While following Michael, I saw where he was strong and where he was weak and he was weak under braking. It so happened that we were strong under braking because we’d introduced a new electronic braking system at the previous race, which meant I never had a soft pedal and always had the same brake bias.
Into Dry Sac, the hairpin at the end of the back straight, I could brake 10 metres later than Michael and I knew that was where my opportunity would present itself. I also knew that I’d have to surprise him; I’d have to come from so far back that he wasn’t even looking in his mirrors.
Throughout the race I was just waiting, waiting for my second pit stop. I needed the grip from the new tyres to maximise my chances of getting the move done, so the whole world championship got distilled down into the two laps that followed my second stop. I’d use the first lap to get close to him and the second one to overtake him, after which my new tyres would lose their edge.
And that’s pretty much what happened. On the second, lap 48, I committed to the task. I took a huge risk through Curva Sito Pons, the high-speed right-hander that led onto the back straight, and that gained me two metres. I knew then that it was now-or-never; those extra two metres told me that.
I dived down the inside and I was surprised that he didn’t close the door immediately. I came from a long way back and when he realised what was happening, he closed the door. But it was too late: I was alongside him and he bounced off my sidepod. It was an amazing moment. I remember driving past on the next lap and seeing him on the wall, just watching. I can still see his face and I can still remember the sweat on it. He never sweated, but seeing that sweat is a vivid, vivid memory.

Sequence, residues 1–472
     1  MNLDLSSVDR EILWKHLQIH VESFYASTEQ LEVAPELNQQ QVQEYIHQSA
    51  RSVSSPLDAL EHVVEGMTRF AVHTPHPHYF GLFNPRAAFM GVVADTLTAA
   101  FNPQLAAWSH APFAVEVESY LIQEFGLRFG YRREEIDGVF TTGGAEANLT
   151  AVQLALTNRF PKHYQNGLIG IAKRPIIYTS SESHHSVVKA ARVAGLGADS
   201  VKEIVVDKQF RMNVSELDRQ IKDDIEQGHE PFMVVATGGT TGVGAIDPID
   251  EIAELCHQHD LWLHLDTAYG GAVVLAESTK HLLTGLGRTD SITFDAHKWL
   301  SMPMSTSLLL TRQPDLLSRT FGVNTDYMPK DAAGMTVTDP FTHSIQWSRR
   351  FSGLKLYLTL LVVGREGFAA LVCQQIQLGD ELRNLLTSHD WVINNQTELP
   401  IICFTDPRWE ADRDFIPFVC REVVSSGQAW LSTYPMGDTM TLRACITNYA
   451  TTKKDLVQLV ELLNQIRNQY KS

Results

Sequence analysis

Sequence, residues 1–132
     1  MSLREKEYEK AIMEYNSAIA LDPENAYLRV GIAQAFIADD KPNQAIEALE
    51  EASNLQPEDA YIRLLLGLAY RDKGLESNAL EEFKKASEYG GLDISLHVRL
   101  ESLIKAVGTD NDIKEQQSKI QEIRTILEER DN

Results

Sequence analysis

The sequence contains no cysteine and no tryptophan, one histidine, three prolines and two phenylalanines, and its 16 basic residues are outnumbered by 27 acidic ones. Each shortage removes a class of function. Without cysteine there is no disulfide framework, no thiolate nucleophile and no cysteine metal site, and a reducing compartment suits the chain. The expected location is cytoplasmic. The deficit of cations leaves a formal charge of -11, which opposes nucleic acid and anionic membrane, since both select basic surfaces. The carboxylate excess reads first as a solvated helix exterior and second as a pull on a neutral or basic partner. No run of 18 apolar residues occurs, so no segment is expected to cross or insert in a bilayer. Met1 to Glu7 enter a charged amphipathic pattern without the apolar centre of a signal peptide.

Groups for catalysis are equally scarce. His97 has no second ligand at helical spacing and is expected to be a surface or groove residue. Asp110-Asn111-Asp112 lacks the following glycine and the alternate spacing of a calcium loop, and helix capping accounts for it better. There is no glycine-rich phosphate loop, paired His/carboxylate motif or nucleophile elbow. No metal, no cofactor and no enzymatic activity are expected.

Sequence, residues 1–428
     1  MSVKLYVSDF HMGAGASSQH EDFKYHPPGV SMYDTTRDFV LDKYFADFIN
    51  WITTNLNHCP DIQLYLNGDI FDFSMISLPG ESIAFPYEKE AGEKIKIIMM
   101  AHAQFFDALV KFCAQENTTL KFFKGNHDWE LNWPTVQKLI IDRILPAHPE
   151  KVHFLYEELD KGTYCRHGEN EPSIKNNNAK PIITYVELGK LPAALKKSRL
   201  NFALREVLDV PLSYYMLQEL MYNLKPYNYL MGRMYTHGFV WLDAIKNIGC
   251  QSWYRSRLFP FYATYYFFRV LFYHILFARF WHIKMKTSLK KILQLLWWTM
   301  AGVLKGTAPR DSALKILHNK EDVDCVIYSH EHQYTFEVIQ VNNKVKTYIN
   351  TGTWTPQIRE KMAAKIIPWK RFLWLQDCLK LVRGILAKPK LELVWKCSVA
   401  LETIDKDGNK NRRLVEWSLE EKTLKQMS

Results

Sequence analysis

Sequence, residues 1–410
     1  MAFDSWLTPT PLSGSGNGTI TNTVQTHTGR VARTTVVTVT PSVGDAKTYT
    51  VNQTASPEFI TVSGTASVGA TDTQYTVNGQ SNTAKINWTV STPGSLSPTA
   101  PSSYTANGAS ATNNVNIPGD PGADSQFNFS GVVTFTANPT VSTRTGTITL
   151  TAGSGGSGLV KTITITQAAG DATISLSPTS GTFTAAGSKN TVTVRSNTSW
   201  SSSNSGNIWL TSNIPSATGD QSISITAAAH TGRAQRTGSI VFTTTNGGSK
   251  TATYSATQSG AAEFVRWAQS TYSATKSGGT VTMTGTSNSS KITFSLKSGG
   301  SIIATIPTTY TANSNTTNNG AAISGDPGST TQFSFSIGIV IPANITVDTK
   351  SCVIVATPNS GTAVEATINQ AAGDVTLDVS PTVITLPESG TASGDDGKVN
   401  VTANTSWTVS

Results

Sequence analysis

There had been a lot of talk during the build-up to the race. We’d both said things in the press and I told journalists that I expected him to do something desperate in the event of a showdown. The FIA even said they’d punish any illegal driving moves.
As predicted, we came together and I was very lucky to finish the race. The battery in my car, which was housed in the left-hand sidepod that Michael hit with his tyre, should not have stayed intact. It was held in position by a few electrical cables. I didn’t know this at the time, but I slowed anyway to nurse my car to the end of the race.
I didn’t care about finishing on the podium and was unaware of the McLarens creeping up on me, which is why I let them through. Had I realised it was Gerhard [Berger] behind me in fourth place I would have let him through as well because it would have meant he’d have finished on the podium in his last Grand Prix.
The post-race celebrations were a bit of a blur. I remember seeing the Renault guys with their blond wigs, copying the hair-do that I’d adopted earlier in the year, and I remember Irvine walking past wearing a ‘Schumacher champion’ hat, which Ferrari had brought to the race. I also took a call from the Prime Minister of Canada; I think everyone thought it was my Mum on the phone!
We had a party that evening in the hotel. I acted as the barman, serving the drinks, and things got pretty loud. Even Michael turned up, wearing a blond wig. He came behind the bar and put an arm around me, while his wife took a picture. I was thinking, “Okay, that’s fun”.
A week later the picture was plastered over the German tabloids, the sentiment being that he hadn’t done anything wrong and there were no hard feelings between us. That’s when I got angry. I didn’t care about what he’d done on-track because the move had helped me win the title; what made me angry was Michael using my moment of glory for his own ends. That’s when I had a problem with it all.
People ask me how winning the world title changed my life. That’s difficult to answer because I don’t know what it would have been like without it. But it opened doors and it gave credibility to my own career. Instead of just being Gilles’ son, I had now achieved something in my own right. It was the highlight of my career.